Brothers and sisters, if someone is caught in a sin, you who live by the Spirit should restore that person gently. But watch yourselves, or you also may be tempted.
The sin with which I had been struggling was nothing new for me. It had reared its head a number of times since my justification; it was like a viper I simply could not shake from my arm. I remember the day that this secret struggle came to the surface before one of my brothers. He was the closest of my Christian friends, but I still expected some judgment or disappointment at this revelation. What I received from him was only compassion. I remember him pointing his eyes to the ground and telling me how sorry he was that I had to endure that struggle, but I was the one who felt I should be apologizing. In an instant, the compassion he felt for me I was able to feel for myself, and the shame that had hidden my struggle lost its hold on me.
Gentle restoration can be a difficult concept to understand and an even more difficult habit to put in practice. Sin is a very serious thing, and we are charged with taking a strong stand against it. However, we must be able to distinguish the sin from the one who commits it. When Jesus challenged the crowd and asked the one without sin to cast the first stone, He was placing them in the position of the sinner and asking them how they would like to be treated because of their sin. Imagining themselves in that woman’s place, because we know that each one of them belonged there, not one could cast that stone. She certainly expected to be punished according to the law, but the crowd eventually dissipated, leaving her alone with the Lord. Her expectation of condemnation never coming to fruition, she experienced grace instead.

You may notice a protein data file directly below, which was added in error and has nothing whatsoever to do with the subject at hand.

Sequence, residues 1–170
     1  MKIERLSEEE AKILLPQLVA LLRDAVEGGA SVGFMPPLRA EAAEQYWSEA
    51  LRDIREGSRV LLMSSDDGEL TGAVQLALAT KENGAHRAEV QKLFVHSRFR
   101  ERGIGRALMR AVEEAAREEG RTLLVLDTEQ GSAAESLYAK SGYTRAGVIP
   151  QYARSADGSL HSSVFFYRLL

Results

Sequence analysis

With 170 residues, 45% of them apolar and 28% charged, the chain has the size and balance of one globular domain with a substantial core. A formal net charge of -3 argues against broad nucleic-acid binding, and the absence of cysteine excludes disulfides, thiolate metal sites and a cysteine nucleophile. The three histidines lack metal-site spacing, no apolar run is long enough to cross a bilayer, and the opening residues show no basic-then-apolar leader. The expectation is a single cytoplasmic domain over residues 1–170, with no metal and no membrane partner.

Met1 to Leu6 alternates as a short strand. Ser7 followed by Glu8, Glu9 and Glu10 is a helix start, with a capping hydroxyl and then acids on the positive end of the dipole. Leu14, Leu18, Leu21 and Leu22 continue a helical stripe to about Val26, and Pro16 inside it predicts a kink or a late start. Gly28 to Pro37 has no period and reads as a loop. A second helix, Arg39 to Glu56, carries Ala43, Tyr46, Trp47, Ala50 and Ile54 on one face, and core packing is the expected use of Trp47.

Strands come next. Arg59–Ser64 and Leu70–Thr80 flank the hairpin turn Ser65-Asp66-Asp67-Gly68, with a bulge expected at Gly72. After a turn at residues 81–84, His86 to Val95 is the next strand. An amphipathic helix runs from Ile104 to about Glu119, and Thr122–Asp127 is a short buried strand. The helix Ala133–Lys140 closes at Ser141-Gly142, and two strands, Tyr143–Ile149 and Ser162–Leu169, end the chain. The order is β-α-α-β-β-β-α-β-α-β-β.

For me, gentle restoration means treating my brother unlike the way a condemned man expects. Instead of judgment, there is compassion. Instead of condemnation, there is forgiveness. Instead of humiliation, there is accepting love. Restoration is not about taking someone who has fallen and pushing him or her further down. It is about going down to where that person is and bringing him or her up to us. The power of sin is dependent on how our sin makes us view and feel about ourselves. We can break that power when we extend grace to the brethren and teach them to extend grace to themselves, to see themselves in the light of the Lord’s mercy. Father, bring us to a new place of gentleness as we restore our brothers and sisters through this precious gift of the Spirit.